It’s not an unusual thing in terms of the little reactions that happens with fans ringside. There are any number of times that I’ll wink at somebody who’s really special in the crowd, or I’ll squeeze their hand as I walk by.

What happened was my husband was in character having a conversation with this little boy. He got scared and he started to cry. We felt so bad that we both just went right over to him. It was real quick and it wasn’t part of the show. But I think that WWE superstars and divas, the way we engage with our fans is to make them feel great about our show and to entertain them. When there’s a little kid in the audience who needs a little extra attention, we’re happy to give it.

I love that your Twitter bio says you play a bad guy on TV, because the WWE is now this crazy multi-platform thing: There’s the website, all the athletes on Twitter, Instagram. How much guidance does WWE give its athletes with it comes to navigating their own social accounts? How much leeway are they typically afforded?

It’s really important that our superstars and divas use media in their own voice. They need to be authentic and real. We offer them guidelines—anything you put out on social media, you should assume it has the reach of a national television program. My number one rule that I think is important for everyone is don’t drink and tweet.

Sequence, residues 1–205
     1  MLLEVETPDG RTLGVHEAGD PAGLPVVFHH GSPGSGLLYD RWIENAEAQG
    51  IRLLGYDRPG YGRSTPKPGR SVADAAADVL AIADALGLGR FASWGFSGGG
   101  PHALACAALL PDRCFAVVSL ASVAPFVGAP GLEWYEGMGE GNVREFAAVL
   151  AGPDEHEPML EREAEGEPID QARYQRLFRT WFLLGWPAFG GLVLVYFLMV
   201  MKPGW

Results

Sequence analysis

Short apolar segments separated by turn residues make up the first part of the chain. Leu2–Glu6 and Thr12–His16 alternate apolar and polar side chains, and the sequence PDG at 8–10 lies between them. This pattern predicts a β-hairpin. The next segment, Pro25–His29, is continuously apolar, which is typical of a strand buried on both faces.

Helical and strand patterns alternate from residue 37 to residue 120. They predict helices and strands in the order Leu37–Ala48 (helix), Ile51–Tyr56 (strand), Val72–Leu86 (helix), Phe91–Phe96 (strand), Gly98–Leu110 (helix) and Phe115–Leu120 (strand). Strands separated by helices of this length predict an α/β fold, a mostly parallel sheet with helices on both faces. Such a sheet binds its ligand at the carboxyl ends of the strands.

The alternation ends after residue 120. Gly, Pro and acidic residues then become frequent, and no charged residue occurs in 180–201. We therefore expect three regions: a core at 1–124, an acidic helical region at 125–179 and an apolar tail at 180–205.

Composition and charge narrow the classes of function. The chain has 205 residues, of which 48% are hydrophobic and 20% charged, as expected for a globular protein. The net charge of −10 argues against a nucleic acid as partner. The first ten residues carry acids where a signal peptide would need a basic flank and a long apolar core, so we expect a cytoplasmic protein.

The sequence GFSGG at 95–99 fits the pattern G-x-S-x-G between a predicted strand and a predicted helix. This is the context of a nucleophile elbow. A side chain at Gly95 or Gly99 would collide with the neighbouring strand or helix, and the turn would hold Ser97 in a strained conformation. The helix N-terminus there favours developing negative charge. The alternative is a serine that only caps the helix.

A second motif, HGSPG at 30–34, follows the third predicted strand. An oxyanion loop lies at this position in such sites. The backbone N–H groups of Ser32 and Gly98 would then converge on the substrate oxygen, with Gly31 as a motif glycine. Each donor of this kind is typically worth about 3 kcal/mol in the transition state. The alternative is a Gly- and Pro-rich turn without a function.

Obviously, Raw and Smackdown are still ratings monsters. But the WWE Network (the company’s subscription-based platform that launched in 2014), has drawn its share of criticism for reportedly underperforming. Where can the WWE grow next?

We established the WWE Network because our fans wanted it. We evaluated a number of different models, and when we found that our fans consume five times the U.S. average of digital video content, we realized that there was a significant opportunity in the direct to consumer space. So we created the WWE Network.

We reached over a million subscribers in just 11 months after our launch. That’s a significant achievement. We actually became the fastest digital subscription service. In terms of our fans who watch the network, we constantly do research because we listen to our fanbase. We have a 90% satisfaction rate on the WWE Network. They are enjoying the content.

What they were not happy about, and what we listened to, was the six-month [subscription] commitment. Many of them cited that as a barrier to entry for them. So we changed that model. Now it’s $9.99 a month, cancel anytime.

It’s important to give our fans what they want. Given our subscriber base now, I would say that has been very successful.